It's all as wonderfully wacky as it sounds, the essential lesson about the importance of being honest with oneself never eclipsing the comedy at the book's heart. Working in chunkily cut paper in blunt colors against vivid backdrops, Beckmeyer injects some science into the silly, using arrows to indicate that wind results from the collision between warm air and cold air, creating a "swirling rage funnel." I Am a Tornado may well encourage some young readers to say "I am upset" instead of becoming destructive storms of emotion, but if that fails, at least the book will make them stop and smile. --Nell Beram, freelance writer and YA author
My Dog Just Speaks Spanish
by Andrea Cáceres
Andrea Cáceres, originally from Venezuela, demonstrates her love of dogs and languages in her debut picture book, My Dog Just Speaks Spanish, a diverting story that also creates a fun opportunity for both English- and Spanish-speaking children to expand their language acquisition.
"When Aurora came to the United States, she learned to speak English." But Nena, her adorable Cavalier King Charles Spaniel, only obeys Spanish commands. Cáceres shows the language difference right away: Aurora sits in her room, surrounded by markers, writing notes like "CAMA = BED," "CONEJO = RABBIT," and "HOLA = HELLO." Floppy-eared Nena enters the room and immediately chews up all Aurora's carefully written learning aids. Next, Aurora and Nena head to the park, where Aurora demonstrates Nena's listening skills: when Aurora says "SIÉNTATE," Nena sits; Nena doesn't obey when Aurora says "WAIT," but stays still for "ESPERA." (Observant readers will notice that Nena lets a squirrel escape because she listens to her owner.) When English-speakers can't communicate with Nena, Aurora teaches them Spanish words by drawing on the path with chalk, but she and Nena especially love it when they meet other Spanish-speakers.
Cáceres's digital illustrations have a childlike flair and are filled with textures, speech bubbles, and handwritten bilingual notes. Humans and dogs alike wear giant smiles as the pets run, jump, roll, and give, as Nena knows them, "BESOS." My Dog Just Speaks Spanish is a delightful romp with a beloved pet and a valuable language lesson to boot. --Melinda Greenblatt, freelance book reviewer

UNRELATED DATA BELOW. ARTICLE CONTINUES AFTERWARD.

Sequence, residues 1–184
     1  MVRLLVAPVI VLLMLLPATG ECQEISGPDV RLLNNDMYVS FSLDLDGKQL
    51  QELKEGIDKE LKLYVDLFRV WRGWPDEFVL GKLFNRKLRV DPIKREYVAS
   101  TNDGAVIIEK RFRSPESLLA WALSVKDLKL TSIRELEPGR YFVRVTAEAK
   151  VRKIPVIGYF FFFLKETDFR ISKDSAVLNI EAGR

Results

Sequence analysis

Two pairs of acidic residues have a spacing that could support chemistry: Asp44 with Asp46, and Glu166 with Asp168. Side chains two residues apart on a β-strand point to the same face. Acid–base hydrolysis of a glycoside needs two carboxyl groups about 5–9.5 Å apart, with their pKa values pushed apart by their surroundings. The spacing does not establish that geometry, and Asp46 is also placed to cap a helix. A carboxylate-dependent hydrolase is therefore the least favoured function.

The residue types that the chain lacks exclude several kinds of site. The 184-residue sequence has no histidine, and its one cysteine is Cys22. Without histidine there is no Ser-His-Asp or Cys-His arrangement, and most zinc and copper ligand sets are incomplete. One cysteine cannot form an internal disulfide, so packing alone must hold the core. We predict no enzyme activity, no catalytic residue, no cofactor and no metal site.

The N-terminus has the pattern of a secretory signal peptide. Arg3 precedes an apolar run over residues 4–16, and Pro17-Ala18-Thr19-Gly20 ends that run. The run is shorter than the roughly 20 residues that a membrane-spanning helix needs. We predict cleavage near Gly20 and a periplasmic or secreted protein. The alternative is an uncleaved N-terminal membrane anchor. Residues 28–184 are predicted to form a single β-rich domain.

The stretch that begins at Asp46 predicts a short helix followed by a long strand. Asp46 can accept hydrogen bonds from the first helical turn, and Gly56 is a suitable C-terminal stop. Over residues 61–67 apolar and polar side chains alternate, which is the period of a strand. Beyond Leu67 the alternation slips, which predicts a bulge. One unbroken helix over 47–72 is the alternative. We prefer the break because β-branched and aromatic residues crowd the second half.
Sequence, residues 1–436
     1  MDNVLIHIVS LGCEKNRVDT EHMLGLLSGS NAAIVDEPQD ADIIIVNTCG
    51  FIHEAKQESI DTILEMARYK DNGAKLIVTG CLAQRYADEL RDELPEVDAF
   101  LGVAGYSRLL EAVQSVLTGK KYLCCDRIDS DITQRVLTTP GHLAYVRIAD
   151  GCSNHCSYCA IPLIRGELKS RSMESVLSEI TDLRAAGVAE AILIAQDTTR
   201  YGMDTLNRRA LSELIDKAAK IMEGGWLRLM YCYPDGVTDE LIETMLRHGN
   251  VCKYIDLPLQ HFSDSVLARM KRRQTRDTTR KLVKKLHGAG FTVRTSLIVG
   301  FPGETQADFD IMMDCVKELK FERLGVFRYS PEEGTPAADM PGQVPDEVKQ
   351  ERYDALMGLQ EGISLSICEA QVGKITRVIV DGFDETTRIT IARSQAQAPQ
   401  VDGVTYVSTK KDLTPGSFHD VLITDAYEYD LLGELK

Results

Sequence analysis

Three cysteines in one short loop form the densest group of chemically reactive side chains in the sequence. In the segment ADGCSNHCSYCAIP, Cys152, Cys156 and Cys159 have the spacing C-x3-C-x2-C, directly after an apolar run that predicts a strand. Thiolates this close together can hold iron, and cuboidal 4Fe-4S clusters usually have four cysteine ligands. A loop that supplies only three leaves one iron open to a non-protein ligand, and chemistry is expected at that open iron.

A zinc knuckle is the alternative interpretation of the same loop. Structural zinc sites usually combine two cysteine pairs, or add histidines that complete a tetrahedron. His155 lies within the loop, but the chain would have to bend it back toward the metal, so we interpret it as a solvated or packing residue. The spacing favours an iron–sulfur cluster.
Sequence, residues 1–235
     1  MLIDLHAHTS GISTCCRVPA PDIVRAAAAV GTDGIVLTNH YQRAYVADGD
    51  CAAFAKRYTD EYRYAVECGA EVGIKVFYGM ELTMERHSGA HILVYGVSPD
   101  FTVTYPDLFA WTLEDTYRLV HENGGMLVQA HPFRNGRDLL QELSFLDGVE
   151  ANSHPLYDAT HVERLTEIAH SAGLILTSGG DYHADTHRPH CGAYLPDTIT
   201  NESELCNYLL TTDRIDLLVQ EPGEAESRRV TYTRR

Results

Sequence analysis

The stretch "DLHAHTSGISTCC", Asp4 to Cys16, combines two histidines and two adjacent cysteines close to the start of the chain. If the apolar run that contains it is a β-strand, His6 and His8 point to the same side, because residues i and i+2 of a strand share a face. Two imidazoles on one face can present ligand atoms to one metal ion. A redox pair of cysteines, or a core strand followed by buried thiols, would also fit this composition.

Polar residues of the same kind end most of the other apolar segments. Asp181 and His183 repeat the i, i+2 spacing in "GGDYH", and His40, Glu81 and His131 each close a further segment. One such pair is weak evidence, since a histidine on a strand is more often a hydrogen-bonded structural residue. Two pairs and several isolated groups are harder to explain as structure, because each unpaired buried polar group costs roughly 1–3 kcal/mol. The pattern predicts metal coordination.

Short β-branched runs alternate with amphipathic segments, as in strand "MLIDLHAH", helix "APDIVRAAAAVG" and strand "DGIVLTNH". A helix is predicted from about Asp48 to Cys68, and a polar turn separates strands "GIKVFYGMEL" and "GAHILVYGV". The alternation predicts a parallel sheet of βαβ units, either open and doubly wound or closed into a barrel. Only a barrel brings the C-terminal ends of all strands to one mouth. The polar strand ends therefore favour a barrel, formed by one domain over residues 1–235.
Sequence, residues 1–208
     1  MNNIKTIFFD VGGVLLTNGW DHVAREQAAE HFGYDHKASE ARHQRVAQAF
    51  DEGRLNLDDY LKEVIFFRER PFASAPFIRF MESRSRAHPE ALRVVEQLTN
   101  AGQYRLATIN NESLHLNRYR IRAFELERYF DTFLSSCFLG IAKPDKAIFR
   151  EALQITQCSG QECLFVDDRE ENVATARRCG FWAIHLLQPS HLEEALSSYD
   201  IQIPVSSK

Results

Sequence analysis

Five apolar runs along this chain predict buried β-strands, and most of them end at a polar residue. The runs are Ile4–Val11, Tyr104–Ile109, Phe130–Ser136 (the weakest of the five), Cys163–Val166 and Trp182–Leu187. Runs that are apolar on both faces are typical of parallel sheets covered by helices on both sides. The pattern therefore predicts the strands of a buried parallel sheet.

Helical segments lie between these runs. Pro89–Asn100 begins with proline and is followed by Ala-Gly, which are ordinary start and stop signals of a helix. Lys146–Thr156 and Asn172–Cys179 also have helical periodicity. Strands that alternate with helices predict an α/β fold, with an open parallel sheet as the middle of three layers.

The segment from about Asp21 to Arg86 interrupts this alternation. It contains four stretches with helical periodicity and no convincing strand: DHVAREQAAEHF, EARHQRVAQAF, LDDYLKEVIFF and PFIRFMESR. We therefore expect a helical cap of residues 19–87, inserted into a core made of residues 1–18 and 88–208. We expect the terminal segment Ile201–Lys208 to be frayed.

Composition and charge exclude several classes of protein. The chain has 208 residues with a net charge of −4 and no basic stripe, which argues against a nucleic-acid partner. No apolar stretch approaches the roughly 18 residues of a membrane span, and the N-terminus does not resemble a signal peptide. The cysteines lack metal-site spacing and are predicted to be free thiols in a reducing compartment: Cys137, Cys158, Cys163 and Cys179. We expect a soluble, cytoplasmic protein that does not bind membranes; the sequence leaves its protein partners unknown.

My Day with Dad
by Rae Crawford
A child and dad pack a surfeit of joyous activities into their day together in the exuberant slice-of-life early reader My Day with Dad from designer and comic artist Rae Crawford (creator of the webcomic I'm Broken. Send Help.).
The endpapers show a smiling, bouncy-haired, amber-skinned child and their cheery white father waving goodbye to brown-skinned Mom. On the first page, the young protagonist dances while informing the reader, "I am having a day with my dad." Soon flour spatters and pancakes fly as "I mix. Dad flips," and the family's adorable dog swipes a strip of bacon. After breakfast and chores, their planned bike ride falls victim to a dreary storm, but a round of board games brings the mood back up until the sky clears. An afternoon of kite-flying, puddle-splashing, and cloud-watching flies by too quickly, but Dad keeps the good times rolling with movie night and a pillow fight before a calming bedtime story. The child's contentment echoes in their understated yet impactful thought, "It's nice to have a day with my dad."
Crawford's cartoon-style digital drawings have a wonderful feeling of movement and buoyancy, with wind-tossed trees, taut-stringed kites, and one wiggly pup. The vibrant palette amps up the energy in this down-to-earth narrative that reflects the lives of many families. Characters have clear, expressive faces with frequent smiles. Readers ready for short sentences with mostly one-syllable words will find a cozy, feel-good outing awaiting in this comforting celebration of the bond between dad and child. --Jaclyn Fulwood, youth experience manager, Dayton Metro Library
|(photo: JP Calubaquib)|
Poet, novelist, and nonfiction author Luis Alberto Urrea was born in Mexico to a Mexican father and an American mother. He has won multiple literary awards, most recently for his 2018 novel The House of Broken Angels. The Devil's Highway, a nonfiction narrative of Mexican immigrants lost in the Arizona desert, was a 2005 Pulitzer Prize finalist. His ninth work of fiction, Good Night, Irene (Little, Brown; reviewed in this issue), inspired by his mother's service as a Red Cross "Clubmobile" worker in World War II Europe, follows the women who provided donuts and hope to the troops, forging friendships as they cheered the soldiers while enduring the horrors of war. Urrea and his family live in Naperville, Ill., where he is a distinguished professor of creative writing at the University of Illinois-Chicago.